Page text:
People often tell me they feel overwhelmed at the thought of working to gain control over their money. I get it. Starting with tens of thousands of dollars in consumer debt, we were overwhelmed too. Still are some days. Some days the steps we are taking to become debt free and build wealth seem so incredibly pointless that we wonder if it’s even worth trying.
But the truth of the matter is that every little bit helps. Every extra dime you put toward debt, in retirement savings or in your emergency fund is another dime you’ll have to produce financial security. And those dimes do indeed add up over time.
So for those feeling overwhelmed by their finances, I thought I’d share a few action steps that are quick, easy and will make a difference over time when it comes to improving your finances. The tips are kind of “set it and forget it tips” that won’t add to your feelings of being overwhelmed but will help improve your finances.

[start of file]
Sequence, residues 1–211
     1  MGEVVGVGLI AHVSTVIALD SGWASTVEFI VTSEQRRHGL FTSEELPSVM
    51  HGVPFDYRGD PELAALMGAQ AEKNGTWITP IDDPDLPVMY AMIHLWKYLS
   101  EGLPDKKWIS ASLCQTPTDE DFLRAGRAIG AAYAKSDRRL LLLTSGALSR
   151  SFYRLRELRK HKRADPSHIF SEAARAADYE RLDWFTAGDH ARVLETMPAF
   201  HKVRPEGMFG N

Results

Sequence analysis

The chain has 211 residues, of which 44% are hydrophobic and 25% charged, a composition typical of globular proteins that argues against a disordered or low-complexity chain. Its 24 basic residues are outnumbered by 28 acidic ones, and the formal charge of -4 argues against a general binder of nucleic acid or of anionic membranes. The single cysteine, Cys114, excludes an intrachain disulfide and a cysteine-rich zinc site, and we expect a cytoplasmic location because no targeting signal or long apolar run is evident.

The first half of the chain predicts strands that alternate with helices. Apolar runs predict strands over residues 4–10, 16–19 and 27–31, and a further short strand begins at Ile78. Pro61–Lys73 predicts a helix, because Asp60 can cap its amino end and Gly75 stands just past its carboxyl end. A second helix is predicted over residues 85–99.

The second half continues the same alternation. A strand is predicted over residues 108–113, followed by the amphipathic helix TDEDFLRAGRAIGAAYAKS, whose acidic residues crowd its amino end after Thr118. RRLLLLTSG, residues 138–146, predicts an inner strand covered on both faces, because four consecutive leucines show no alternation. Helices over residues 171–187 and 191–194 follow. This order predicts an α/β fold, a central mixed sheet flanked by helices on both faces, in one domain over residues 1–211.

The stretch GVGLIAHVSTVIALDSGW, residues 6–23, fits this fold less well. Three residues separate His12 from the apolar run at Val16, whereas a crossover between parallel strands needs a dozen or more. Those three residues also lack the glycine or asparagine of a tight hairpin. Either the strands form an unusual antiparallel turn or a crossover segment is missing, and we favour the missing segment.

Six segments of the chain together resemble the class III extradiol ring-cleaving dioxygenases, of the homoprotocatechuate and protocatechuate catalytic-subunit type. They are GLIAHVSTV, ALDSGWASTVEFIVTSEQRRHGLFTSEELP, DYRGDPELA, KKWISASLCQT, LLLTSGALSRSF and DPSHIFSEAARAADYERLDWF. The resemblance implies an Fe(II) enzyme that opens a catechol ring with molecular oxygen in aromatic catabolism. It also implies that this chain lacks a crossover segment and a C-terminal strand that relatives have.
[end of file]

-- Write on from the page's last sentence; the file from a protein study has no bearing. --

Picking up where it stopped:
The first three tips I’m going to share aren’t as easy as the rest, but you can still do each of them in less than fifteen minutes and by completing them you’ll establish a firm foundation for having success with the other action steps.
1. Write Down Your Numbers
This might seem scary, but believe me when I tell you it’s a powerful tool that will help you get motivated to take your action steps. Write down who you owe, how much you owe them, the monthly payment and the interest rate. In another column, write down all assets including savings, retirement, homes, cars, etc.
2. Make a Quick List of Your Financial Goals
And don’t just write down “I want to be debt free.” Write “I want to be debt free so that……..” This is your motivational list of whys that will help you stay on track with your action steps.